(Updates with analyst comment in fourth paragraph.)
Oct. 4 (Bloomberg) -- Tokyo Electric Power Co. plans to raise as much as 2.4 trillion yen ($31 billion) selling bonds to repay debt securities due by March 2021, according to a government panel investigating the utility’s finances.
Tepco, as the company is called, aims to raise the funds to cover bonds maturing after April in either 2015 or 2016 through the year ending March 2021, the panel said in a report released yesterday.
The utility hasn’t been able to sell bonds since the March 11 earthquake and tsunami knocked out its Fukushima Dai-Ichi plant, causing the worst nuclear crisis in 25 years and exposing the company to at least 5.7 trillion yen in compensation payments and decommissioning costs. The company may have a funding shortfall of 8.6 trillion yen during the next ten years because of higher costs to generate power from fossil fuel, the panel said.
“Investors won’t buy Tepco’s bond unless the utility clearly shows it can survive on its own without strong support from the government,” said Toshihiro Uomoto, chief credit analyst at Nomura Securities Co.
Tepco had 4.7 trillion yen of domestic and foreign currency bonds outstanding at the end of July, the report said.
“We will issue new bonds after improving our finances through restructuring and resolving the nuclear accident,” Tepco spokesman Naoyuki Matsumoto said by phone today. He declined to comment on the details of bond sales.
The company may use a 2 trillion yen emergency loan it received from banks in April to cover payments on bonds due before the end of March 2015, Matsumoto said. Tepco plans to repay the loan by March 2021, though the company may ask banks to roll over payment depending on its finances, according to the report. Matsumoto declined to comment on terms of the emergency loan.
For bonds maturing after April 2015 the company plans to sell new securities to cover repayments, according to the oversight panel. Tepco has 2.4 trillion yen of bonds due in the five years after April 2015, the report said.
Tepco plans to ask banks to maintain the loan balance of 2 trillion yen that it had at end of March for 10 years, according to the report. The company has made a commitment to creditors not to seek interest-rate relief or debt forgiveness.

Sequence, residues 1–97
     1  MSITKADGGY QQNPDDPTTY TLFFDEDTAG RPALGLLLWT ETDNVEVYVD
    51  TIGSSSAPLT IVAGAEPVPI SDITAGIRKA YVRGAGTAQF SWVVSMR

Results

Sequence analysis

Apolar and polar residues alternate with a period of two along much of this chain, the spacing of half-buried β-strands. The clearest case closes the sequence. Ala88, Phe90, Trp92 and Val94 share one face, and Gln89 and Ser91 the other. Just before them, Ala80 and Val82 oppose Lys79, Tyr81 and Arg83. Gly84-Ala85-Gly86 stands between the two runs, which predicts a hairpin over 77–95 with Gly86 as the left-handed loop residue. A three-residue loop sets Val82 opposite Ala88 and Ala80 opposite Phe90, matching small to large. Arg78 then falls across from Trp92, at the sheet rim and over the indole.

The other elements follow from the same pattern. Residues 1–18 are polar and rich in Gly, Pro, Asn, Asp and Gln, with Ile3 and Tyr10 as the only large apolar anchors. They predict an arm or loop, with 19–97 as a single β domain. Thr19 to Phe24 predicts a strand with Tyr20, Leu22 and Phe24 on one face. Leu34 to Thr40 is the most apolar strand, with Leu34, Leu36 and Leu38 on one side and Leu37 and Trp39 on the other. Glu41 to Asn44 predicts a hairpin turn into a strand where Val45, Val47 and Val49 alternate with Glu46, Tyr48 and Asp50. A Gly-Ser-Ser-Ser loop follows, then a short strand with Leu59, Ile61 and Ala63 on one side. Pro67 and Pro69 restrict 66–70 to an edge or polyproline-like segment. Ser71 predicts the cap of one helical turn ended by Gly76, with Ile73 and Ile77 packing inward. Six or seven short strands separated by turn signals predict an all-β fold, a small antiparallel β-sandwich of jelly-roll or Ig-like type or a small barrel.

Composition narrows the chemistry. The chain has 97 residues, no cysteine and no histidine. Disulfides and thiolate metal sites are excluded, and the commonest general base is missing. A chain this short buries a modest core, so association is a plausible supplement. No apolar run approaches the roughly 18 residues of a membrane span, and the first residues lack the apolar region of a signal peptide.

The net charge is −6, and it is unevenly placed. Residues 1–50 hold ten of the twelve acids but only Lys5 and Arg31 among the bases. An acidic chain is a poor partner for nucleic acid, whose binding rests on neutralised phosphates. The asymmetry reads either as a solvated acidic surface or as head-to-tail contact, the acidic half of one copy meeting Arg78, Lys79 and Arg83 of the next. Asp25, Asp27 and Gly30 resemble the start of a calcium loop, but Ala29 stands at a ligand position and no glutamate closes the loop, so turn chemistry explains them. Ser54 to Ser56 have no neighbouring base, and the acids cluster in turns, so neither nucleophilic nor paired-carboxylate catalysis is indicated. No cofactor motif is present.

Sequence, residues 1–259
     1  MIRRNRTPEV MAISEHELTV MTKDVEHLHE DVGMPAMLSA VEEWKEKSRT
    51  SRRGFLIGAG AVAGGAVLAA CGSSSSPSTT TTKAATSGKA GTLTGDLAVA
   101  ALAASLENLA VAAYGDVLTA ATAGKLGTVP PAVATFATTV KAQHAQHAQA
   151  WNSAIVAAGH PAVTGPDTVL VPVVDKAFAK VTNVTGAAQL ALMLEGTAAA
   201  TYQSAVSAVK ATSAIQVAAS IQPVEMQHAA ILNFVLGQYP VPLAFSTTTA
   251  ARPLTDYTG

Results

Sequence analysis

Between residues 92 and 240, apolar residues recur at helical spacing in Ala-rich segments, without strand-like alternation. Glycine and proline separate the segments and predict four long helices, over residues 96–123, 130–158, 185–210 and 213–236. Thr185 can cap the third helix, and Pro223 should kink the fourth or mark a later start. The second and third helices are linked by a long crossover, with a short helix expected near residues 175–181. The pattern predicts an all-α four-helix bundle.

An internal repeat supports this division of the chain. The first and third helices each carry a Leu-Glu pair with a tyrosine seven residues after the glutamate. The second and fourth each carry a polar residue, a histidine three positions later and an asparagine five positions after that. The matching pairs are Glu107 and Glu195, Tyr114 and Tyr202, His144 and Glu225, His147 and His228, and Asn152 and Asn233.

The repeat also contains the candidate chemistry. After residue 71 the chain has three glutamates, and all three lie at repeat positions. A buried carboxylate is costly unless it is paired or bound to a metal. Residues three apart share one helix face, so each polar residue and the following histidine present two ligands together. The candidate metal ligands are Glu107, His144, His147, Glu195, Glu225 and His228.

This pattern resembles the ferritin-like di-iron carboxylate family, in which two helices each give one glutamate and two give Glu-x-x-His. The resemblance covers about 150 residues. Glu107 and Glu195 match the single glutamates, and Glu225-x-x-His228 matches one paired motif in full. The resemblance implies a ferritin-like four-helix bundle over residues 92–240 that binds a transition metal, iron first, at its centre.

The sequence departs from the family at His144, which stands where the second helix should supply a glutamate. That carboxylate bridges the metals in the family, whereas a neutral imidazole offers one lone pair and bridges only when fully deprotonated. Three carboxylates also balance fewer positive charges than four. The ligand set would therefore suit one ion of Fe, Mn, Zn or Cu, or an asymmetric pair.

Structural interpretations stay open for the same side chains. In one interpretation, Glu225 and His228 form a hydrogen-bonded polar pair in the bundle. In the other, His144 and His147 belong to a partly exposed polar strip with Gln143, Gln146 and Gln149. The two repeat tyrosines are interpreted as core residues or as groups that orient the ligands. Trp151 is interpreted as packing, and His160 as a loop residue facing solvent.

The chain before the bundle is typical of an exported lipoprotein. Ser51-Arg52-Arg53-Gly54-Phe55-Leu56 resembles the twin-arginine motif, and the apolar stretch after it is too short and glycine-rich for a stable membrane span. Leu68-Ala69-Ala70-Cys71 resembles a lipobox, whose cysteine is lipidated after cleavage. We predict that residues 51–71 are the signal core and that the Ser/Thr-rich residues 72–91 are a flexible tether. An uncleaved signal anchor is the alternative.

The panel headed by Kazuhiko Shimokobe, a bankruptcy lawyer, provided the first official estimate of the costs of the disaster after scouring Tepco’s books for almost four months.
Tepco may have to pay 4.5 trillion yen by March 2013 in compensation to those affected by the disaster, according to the report. The company had paid 117.2 billion yen in provisional compensation by Sept. 7, it said.
Decommissioning four damaged reactors at the plant, located about 220 kilometers (137 miles) north of Tokyo, will cost at least 1.15 trillion yen.
Tepco can raise 707.4 billion yen through asset sales within three years to generate funds for compensation payments, the panel said. The report estimates the company can raise 247.2 billion yen by selling properties, while it has 330.1 billion yen of shares in other listed companies to sell.
Tepco can also reap 130.1 billion yen selling affiliated companies. Earlier, the utility said it would sell assets worth 600 billion yen.
The panel’s findings will form the basis of a plan to be drafted by Tepco and the Nuclear Damage Compensation Facilitation Corp., which was established to cover payments to those affected by the disaster.
“It will pave the way for financing help from the compensation body once Tepco’s special management plan gets approved and the company follows up on restructuring measures and asset sales included in the report,” Shimokobe said yesterday when releasing the report.
A funding shortages during the next decade arises if none of its nuclear power plants come back online and electricity prices are not increased, the report said.
As well as Fukushima Dai-Ichi, the company’s nearby Fukushima Dai-Ni plant was shut down after the quake and five out of seven reactors at its Kashiwazaki Kariwa plant on the other coast of Japan are idled.
The compensation body was created by an act of parliament in August with 2 trillion yen of funds. The government is considering increasing the amount to 5 trillion yen, according to the panel’s report.
Trade and industry minister Yukio Edano will need to approve the restructuring plan for Tepco after it’s compiled by late October. It will also set the stage for the government to beef up Tepco’s finances by issuing government bonds the company can immediately redeem or through capital injections.
“The report made a lot of suggestions including capital injections and electricity price increases to keep Tepco running,” said Akihito Murata, a Tokyo-based credit analyst at Deutsche Bank AG. “But if Tepco issues bonds with terms the same as those before the crisis, the market would have to say ‘No.’”
--With assistance from Emi Urabe in Tokyo. Editors: Aaron Sheldrick, Peter Langan
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